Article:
June 2021 was a heck of a time for speculative coins and tokens. This was the era when the crypto industry’s global market capitalization surpassed $2 trillion for the first time. Investors couldn’t get enough of the sub-one-cent tokens that developers were minting left and right. One could throw small sums of money at a dozen projects at a time; if even one replicated the thousand percent gains some of the top meme coins were turning out, it made for a nice payday.
So, when Kim Kardashian posted an Instagram story advertising EthereumMax, there were tens of thousands of investors who eagerly sprang at the chance to get into the “next big thing” as soon as possible. Kardashian, alongside pro boxer Floyd Mayweather and NBA player Paul Pierce, were paid by EthereumMax to continue pumping the crypto’s price which, by the time Kardashian posted her ad, had already grown by 23,000%. Unfortunately, though, the gravy train could not continue. In fact, it would harm many of the investors she had helped to bring in.
Today, EMAX prices are nowhere near their all-time high. If one had bought any of the crypto around the time of Kim Kardashian’s ads, or the promotion by her celebrity peers, their investment is now essentially worthless. And the plummet isn’t just getting her in hot water with investors, it’s also mobilizing the SEC.
A class-action lawsuit filed against Kardashian and Mayweather alleges that the pair had used their celebrity to artificially inflate the price of the EMAX crypto. The suit accuses the two of shilling a scam token. The accusations prompted a full SEC investigation into the project and the pair’s involvement as a result. The SEC’s investigation is focusing primarily on disclosures related to the promotions. It argues that neither celebrity properly disclosed that the advertisements were in fact advertisements. Moreover, neither person had properly disclosed how much they had earned through the ads.
Earlier this week, Kardashian made an exit from this investigation, choosing to pay a $1.3 million fine to the SEC. The fine punishes Kardashian with failing to disclose the $250,000 she was paid by EthereumMax developers to promote the crypto. The fee is largely negligible compared to her $1.8 billion estimated net worth and absolves Kardashian from the investigation. However, she has not pled innocence or guilt regarding the charges.
Kardashian is, in an odd way, a sort of meme coin martyr, thanks to her involvement with the EMAX crypto. The news has taken off in the last week due to her massive celebrity status. And, it could bring an end to the celebrity pump-and-dump formula which has allowed meme coins to thrive recently.
Kim Kardashian and Floyd Mayweather are far from the first celebrities to pump a meme coin. Though, they are likely the most reputable. Barstool Sports founder Dave Portnoy is another investor facing a lawsuit from investors, thanks to his own endorsements of meme coin SafeMoon (SFM-USD). Another lawsuit filed by SafeMoon investors from earlier this year targets other celebrities who pumped SFM, including internet influencer Jake Paul, musician Soulja Boy and others.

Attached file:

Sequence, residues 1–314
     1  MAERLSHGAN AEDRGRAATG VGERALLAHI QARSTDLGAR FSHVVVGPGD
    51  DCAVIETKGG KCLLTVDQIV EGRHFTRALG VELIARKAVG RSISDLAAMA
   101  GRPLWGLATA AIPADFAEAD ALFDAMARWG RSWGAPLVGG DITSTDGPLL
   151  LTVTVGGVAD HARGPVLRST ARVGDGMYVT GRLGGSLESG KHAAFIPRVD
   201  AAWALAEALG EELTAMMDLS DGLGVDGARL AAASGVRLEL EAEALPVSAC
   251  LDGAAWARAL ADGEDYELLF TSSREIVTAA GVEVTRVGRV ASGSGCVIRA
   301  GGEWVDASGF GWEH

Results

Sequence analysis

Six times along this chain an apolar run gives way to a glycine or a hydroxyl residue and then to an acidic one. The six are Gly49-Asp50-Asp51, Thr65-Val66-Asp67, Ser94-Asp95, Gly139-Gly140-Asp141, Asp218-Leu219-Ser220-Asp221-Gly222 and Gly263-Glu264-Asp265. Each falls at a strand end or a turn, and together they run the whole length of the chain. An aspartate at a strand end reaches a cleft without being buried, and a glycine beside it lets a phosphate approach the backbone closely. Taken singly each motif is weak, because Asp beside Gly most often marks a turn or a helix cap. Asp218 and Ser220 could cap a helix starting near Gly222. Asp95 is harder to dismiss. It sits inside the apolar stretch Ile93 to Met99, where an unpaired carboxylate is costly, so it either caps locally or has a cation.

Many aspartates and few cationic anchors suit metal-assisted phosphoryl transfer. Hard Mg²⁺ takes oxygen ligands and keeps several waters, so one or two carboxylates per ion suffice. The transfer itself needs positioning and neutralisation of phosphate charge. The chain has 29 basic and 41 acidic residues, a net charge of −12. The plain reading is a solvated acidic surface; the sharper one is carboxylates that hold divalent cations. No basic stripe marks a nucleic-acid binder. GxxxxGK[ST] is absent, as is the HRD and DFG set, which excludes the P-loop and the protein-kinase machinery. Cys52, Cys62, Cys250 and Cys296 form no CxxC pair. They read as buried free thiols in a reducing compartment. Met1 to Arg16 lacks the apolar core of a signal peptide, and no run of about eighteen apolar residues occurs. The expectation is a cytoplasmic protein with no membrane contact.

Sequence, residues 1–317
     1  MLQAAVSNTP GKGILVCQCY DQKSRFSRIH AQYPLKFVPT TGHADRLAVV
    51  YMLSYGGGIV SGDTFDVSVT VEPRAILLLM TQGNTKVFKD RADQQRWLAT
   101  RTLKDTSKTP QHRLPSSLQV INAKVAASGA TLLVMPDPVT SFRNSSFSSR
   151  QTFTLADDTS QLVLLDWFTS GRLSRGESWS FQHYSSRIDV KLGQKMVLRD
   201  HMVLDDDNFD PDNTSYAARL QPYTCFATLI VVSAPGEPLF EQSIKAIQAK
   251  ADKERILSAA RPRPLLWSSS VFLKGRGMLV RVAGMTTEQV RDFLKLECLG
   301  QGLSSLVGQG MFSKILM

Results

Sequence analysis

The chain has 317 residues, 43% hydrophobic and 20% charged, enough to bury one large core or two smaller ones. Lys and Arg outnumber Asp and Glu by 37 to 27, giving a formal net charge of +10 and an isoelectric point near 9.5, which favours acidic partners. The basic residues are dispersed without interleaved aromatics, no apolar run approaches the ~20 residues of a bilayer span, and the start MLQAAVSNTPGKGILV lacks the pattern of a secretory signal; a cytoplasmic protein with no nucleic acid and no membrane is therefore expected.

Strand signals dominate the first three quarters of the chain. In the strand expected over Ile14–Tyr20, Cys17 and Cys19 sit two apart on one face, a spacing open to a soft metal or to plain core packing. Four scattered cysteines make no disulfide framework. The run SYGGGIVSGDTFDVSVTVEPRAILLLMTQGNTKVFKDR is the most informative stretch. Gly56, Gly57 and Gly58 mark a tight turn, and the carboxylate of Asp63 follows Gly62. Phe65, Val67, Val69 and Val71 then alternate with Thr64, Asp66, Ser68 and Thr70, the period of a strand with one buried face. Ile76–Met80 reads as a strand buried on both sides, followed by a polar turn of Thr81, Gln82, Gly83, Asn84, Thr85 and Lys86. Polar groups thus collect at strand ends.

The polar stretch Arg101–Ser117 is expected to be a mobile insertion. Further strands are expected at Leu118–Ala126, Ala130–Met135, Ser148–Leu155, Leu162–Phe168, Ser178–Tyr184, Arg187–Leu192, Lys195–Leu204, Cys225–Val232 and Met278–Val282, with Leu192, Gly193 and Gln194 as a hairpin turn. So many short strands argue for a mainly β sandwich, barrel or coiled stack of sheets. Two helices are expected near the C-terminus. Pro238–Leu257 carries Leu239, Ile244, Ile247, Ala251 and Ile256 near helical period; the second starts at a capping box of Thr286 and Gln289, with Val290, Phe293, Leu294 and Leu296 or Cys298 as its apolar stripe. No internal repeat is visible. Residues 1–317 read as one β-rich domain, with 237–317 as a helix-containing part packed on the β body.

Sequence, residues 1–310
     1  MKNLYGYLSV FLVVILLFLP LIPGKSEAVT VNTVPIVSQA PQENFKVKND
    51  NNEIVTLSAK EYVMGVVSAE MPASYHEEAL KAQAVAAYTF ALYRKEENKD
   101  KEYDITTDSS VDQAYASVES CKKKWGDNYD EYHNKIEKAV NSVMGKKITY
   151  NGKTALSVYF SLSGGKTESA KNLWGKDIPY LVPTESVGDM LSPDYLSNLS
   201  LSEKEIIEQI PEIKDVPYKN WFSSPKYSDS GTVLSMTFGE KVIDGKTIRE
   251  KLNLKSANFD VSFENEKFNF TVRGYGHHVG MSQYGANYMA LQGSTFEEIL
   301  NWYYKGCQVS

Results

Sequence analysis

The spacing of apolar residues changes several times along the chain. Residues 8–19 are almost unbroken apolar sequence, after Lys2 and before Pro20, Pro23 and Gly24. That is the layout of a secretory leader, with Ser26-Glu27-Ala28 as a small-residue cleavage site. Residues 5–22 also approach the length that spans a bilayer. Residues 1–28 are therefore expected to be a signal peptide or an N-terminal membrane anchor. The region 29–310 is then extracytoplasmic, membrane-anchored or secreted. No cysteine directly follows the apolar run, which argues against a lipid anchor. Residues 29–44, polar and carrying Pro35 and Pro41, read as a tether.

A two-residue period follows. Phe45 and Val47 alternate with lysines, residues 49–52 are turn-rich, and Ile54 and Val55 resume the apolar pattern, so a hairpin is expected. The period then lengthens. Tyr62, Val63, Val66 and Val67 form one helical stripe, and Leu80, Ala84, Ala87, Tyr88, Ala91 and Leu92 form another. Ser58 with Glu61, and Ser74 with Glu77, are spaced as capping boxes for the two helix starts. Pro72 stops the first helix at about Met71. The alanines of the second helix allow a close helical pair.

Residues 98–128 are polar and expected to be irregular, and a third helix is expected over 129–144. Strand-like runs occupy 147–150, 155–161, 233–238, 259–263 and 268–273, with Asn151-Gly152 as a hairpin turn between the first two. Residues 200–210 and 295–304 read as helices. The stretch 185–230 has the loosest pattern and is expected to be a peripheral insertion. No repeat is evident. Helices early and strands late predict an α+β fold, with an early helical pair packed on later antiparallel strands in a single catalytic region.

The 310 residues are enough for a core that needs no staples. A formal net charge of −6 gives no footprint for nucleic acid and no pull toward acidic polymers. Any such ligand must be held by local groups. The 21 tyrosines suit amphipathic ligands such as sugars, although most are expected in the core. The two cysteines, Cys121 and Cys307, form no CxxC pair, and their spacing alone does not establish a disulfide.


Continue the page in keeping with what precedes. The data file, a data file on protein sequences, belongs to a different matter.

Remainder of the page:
These lawsuits have marked the beginning of the end for the formulaic meme coin pump-and-dump. The Kim Kardashian news could very well put the final nail in that coffin. The SEC put out a video in the wake of its fine, and chairman Gary Gensler has shown that his agency is taking notice of the trend. With celebrities being put on notice, and with one of the largest influencers in the world unable to escape the SEC’s wrath, meme coins as we know it could be an endangered species.
Market conditions are already unkind for crypto. With inflation on the rise and rates rising once again, speculative investing isn’t the cash cow that it was during the worst days of the Covid-19 pandemic. These macroeconomic factors are already weighing against developers who want their quick buck. And while celebrity endorsements have been one of the easiest and most effective ways to shill these coins, the SEC scaring away these promos could ensure that they don’t come back, even when prices pick back up.
On the date of publication, Brenden Rearick did not have (either directly or indirectly) any positions in the securities mentioned in this article. The opinions expressed in this article are those of the writer, subject to the InvestorPlace.com Publishing Guidelines.
Brenden Rearick is a Financial News Writer for InvestorPlace’s Today’s Market team. He mainly covers digital assets and tech stocks, with a focus on crypto regulation and DeFi.
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